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Floating Offshore Wind Provides New Opportunities in the European Energy System: Part 1

Tom James
Nov 18, 2021

Guidehouse Insights Windmill

This blog was coauthored by Izabela Kielichowska.

Offshore wind energy is an established technology that will play a major role in the energy transition. Until recently, predominantly fixed-bottom wind turbines have been deployed on a commercial scale. However, small-scale floating offshore wind (FLOW) demonstrators have been successfully deployed across Europe, and Hywind Scotland—the first floating offshore wind farm—has had the highest capacity factor of any wind farm in the UK for 3 consecutive years.

Several European countries have set ambitious targets for offshore wind, so attention to floating solutions is growing. By current estimates, 150 GW of FLOW capacity could be installed in Europe by 2050 in areas such as the Mediterranean Sea and the Black Sea.

Opportunities and Challenges Facing FLOW

At the intersection between the UK, France, and Ireland, the Celtic Sea provides an opportunity for substantial expansion of FLOW in Europe and the potential for strategic interconnectors. Preliminary analysis indicates that the Celtic Sea wind resources could be greater than 100 GW—a huge opportunity that fixed-bottom wind cannot access. Earlier in 2021, The Crown Estate announced plans to create a new FLOW leasing opportunity in the Celtic Sea. Additionally, the UK has a target of 40 GW of offshore wind capacity by 2030. Deeper waters offer untapped potential for offshore wind in the UK and Ireland, and FLOW can open up new seabed areas. Ireland has a target of 5 GW of offshore wind by 2030, followed by a long-term plan of at least 30 GW of floating wind. France has committed to tendering 1 GW of wind yearly beginning in 2024, with target tariffs converging toward the market price for fixed turbines. These circumstances highlight the significant opportunity for developers and energy companies to develop FLOW projects in the UK.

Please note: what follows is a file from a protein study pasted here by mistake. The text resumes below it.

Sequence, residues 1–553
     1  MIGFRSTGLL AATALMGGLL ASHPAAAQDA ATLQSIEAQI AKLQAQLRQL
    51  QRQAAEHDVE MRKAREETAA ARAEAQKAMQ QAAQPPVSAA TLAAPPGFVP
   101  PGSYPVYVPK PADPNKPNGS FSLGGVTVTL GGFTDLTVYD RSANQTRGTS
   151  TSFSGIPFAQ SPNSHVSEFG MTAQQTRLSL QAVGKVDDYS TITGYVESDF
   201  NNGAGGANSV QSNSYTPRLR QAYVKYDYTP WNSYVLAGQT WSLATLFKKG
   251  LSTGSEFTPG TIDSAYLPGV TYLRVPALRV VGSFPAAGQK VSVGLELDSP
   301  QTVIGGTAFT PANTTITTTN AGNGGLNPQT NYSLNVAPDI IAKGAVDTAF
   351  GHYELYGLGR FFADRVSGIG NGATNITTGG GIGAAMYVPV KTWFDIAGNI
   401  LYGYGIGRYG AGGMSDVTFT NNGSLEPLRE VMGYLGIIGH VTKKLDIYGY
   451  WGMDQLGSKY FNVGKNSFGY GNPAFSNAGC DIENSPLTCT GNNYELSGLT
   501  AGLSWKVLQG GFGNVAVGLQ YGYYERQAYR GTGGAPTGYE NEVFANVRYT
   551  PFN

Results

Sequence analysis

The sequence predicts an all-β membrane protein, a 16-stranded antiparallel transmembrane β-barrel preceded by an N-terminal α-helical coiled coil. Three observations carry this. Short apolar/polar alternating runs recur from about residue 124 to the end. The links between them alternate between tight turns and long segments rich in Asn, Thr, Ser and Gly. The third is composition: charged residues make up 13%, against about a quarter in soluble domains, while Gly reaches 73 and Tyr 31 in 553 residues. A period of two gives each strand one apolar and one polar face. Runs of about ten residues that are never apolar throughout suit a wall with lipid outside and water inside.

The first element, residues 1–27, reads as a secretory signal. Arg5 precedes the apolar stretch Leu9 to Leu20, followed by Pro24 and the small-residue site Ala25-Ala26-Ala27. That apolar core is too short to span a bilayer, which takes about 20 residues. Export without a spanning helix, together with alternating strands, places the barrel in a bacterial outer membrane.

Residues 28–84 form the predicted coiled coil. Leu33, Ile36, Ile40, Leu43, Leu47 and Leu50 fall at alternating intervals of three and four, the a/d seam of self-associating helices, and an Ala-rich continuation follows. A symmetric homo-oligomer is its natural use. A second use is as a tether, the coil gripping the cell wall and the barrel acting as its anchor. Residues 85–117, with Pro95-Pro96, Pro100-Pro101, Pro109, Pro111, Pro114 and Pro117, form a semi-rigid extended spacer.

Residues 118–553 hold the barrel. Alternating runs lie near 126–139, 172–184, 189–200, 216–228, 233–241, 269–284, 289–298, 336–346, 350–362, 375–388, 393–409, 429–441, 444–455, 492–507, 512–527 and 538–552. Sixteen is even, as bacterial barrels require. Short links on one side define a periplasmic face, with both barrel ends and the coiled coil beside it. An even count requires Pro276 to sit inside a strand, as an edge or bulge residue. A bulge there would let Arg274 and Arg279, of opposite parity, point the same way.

However, FLOW has its challenges. Commercial-scale deployment requires significant infrastructure and technological support. In our recent study, Guidehouse experts identified 10 technical barriers to offshore wind deployment in California. Several of these barriers—such as challenging installation, operation, and maintenance due to harsh and deep marine environments—create uncertainty around cost and performance and are specific to FLOW projects. Secondly, there is limited data supporting floating technology performance and project development at a commercial scale. Although many similarities exist with utility-scale projects, there may be unforeseen obstacles to commercial-scale project development. Therefore, support from states and industry is required to deploy commercial-scale FLOW by 2030. In our next blog, we will discuss how tailored support can enable widespread deployment of FLOW and open the door to new seabed areas.